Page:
Arrow-right Camera

The Spokesman-Review Newspaper The Spokesman-Review

Thursday, October 22, 2020  Spokane, Washington  Est. May 19, 1883
Clear Day 44° Clear
News >  Idaho

Fallen firefighters memorial offers solemn remembrance, as 9/11 anniversary approaches

Two uniformed firefighters carry a memorial wreath to lay on the Idaho Fallen Firefighter Memorial on Friday, Sept. 7, 2018. (Betsy Z. Russell / Idaho Press)
Two uniformed firefighters carry a memorial wreath to lay on the Idaho Fallen Firefighter Memorial on Friday, Sept. 7, 2018. (Betsy Z. Russell / Idaho Press)
By Betsy Z. Russell Idaho Press

Deputy Chief Kirk Carpenter of the Nampa Fire Department told the crowd at the annual Idaho Fallen Firefighters Memorial ceremony on Friday that he’s a third-generation firefighter, following in the footsteps of first his grandfather, and then his uncle, “who guided me into this.”

Then, 14 years ago, Carpenter’s beloved uncle was killed in the line of duty in Oregon.

“There’s a legacy in place that will never be forgotten,” Carpenter said. “What we promise is to never forget.”

Idaho’s memorial has 24 names on it, the earliest from 1894 – TD Cahalan Jr. of the Boise Fire Department, who died on the Fourth of July – and the most recent Brandon Erickson of the Eagle Fire Department, who died on Nov. 21, 2013.

Boise Mayor Dave Bieter told the crowd, “We hope that we never have to add another name.”

He said with the recent opening of a new fire training center in Boise, he feels more confident about that, improving safety both for firefighters and the public. Though firefighters always risk death in their work, he said, “The better we do in training and equipping them, the less likely we make it that that will have to happen.”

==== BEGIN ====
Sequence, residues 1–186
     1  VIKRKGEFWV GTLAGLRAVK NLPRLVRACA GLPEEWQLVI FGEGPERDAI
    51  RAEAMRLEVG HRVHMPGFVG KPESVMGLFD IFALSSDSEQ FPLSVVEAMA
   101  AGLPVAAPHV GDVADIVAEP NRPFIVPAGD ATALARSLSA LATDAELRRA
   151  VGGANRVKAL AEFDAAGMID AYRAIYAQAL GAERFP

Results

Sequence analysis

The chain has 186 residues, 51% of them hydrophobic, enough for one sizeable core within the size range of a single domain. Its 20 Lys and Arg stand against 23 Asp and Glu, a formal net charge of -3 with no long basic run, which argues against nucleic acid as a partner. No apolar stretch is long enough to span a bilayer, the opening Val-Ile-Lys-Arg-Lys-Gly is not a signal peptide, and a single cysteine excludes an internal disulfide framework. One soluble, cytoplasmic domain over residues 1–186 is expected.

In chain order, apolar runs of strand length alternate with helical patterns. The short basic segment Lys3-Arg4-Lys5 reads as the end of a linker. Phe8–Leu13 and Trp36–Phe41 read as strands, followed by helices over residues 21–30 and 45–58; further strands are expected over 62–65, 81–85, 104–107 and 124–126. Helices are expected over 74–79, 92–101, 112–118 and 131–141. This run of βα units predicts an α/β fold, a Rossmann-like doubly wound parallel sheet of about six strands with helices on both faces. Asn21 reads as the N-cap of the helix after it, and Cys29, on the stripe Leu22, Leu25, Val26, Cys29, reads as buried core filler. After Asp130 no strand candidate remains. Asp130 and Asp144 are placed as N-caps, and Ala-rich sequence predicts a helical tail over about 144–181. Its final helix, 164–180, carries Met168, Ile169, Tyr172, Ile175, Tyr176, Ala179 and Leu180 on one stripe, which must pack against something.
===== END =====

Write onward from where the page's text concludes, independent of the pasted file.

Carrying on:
Carpenter expressed sympathy for those remembering loved ones killed on duty, sharing how he and his family mourned his uncle. “It was my job to never forget,” he said. “It was my job to create a positive out of a horrible tragedy.”

All firefighters, he said, have a “service heart.” Their greatest hope, he said, is “to one day interfere with death” — to save a life.

The Idaho Fallen Firefighters Memorial Park, located along the Greenbelt off Shoreline Drive in downtown Boise, was established 10 years ago; this year, it got an upgrade, thanks to donations, with the stone face where the names are engraved replaced and newly carved. In the process, six more names were added, including three who died in 1980 and one from 2001 who had been missed when the memorial first was built.

Also added were the two most recent names: Kurt Aikele of the Blackfoot Fire Department, killed in December of 2012; and Eagle’s Erickson.

Erickson, a captain, was just 36 when he died from complications from a second back surgery stemming from an on-duty injury he suffered in 2012. His widow, Bonni, accompanied by their young son, Jack, said the Firefighters Prayer at Friday’s ceremony.

In addition to firefighters killed in Idaho, Randy Majors, Boise Fire Department chaplain, honored those who “paid the ultimate sacrifice on 9/11,” when 343 firefighters were among the nearly 3,000 people killed in terrorist attacks on the World Trade Center in New York City. Tuesday is the 17th anniversary of the attacks.

The Spokesman-Review Newspaper

Local journalism is essential.

Give directly to The Spokesman-Review's Northwest Passages community forums series -- which helps to offset the costs of several reporter and editor positions at the newspaper -- by using the easy options below. Gifts processed in this system are not tax deductible, but are predominately used to help meet the local financial requirements needed to receive national matching-grant funds.

Subscribe to the Coronavirus newsletter

Get the day’s latest Coronavirus news delivered to your inbox by subscribing to our newsletter.

New health insurance plans available November 1 through Washington Healthplanfinder

 (Photo courtesy WAHBE)

Fall means the onset of the cold and flu season.